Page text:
POLITICAL ENGAGEMENT: Getting Involved; Getting Informed
1) Define and discuss nature of political engagement
2) Survey the student interest in local matters
3) Outline five steps of community engagement
1) Web access for online projects and research
2) Surveys and handouts
1) Group activity 1: "Knowing Where We Belong"
2) Group activity 2: "The Legacy of Martin Luther King Jr."
3) Group activity 3: "Our Political Participation"
4) Group activity 4: "Top Three Problems and Solutions"
SUMMARY of the LESSON
This lesson surveys the students' interest in local
community issues and provides a framework for engaging them in civic
life. Democracy thrives when individuals are engaged in local matters
and participate in public life. Students need to understand the dynamics
of policies, politics, and individual interests in shaping the world
around us. The building blocks of daily life -schools, workplaces, houses
of worship, businesses, roads, places of entertainment and relaxation-
result from and are maintained by fellow citizens. It is important to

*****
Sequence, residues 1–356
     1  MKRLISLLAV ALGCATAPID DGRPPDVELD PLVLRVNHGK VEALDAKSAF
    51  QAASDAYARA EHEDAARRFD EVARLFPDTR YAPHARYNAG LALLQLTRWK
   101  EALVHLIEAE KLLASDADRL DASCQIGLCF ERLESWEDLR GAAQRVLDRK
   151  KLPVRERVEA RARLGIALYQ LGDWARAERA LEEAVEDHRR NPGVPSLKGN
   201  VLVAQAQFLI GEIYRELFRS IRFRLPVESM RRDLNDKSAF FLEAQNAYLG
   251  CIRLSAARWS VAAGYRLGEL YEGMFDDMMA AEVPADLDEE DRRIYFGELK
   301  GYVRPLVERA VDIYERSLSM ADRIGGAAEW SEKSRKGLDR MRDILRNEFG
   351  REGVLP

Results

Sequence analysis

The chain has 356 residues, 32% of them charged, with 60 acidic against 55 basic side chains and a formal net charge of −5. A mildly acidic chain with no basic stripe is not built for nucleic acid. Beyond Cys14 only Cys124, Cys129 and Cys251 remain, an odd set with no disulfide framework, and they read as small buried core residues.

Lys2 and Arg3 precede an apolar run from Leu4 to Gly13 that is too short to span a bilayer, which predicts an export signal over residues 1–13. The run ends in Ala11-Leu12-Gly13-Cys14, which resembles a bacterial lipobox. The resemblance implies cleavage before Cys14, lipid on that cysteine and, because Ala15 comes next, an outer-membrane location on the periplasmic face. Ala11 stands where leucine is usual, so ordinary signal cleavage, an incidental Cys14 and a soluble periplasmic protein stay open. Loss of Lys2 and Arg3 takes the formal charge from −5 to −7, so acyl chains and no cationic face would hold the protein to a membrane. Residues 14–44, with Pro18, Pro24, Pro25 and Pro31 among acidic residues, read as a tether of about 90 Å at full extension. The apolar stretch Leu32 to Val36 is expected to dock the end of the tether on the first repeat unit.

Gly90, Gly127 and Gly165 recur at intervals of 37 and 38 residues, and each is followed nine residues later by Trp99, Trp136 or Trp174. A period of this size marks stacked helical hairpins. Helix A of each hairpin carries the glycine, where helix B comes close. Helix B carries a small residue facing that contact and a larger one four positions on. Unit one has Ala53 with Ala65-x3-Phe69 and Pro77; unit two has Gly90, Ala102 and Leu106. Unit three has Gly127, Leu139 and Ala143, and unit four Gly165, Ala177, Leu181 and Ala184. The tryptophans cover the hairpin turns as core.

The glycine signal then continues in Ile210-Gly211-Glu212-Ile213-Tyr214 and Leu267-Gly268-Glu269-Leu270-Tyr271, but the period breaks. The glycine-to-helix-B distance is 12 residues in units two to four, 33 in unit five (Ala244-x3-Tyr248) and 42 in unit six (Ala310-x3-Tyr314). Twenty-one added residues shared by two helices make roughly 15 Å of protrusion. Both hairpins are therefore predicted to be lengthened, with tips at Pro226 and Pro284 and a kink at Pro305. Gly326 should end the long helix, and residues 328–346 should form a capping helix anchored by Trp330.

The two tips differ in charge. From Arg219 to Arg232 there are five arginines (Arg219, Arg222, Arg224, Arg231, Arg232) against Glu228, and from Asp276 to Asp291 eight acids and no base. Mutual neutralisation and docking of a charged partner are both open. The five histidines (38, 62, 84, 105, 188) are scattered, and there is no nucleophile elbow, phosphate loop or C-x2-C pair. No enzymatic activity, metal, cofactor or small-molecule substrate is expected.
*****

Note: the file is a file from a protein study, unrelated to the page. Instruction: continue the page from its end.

appreciate where these resources come from and how they are sustained.
Students will learn to appreciate how individuals can relate to the
complexities of public life and begin to see their role in it.
This unit outlines the necessary steps for participation
in public life and encourages students to see themselves as responsible
for the public good. This unit may be used by the instructor to lead
youth through a process of local action. Becoming a citizen does not
just happen but results from the actions, habits, and beliefs of individuals
committed to public life. It means more than voting. It means being
the kind of person who finds out about public issues, makes his or her
opinion heard, and listens to others respectfully. It means getting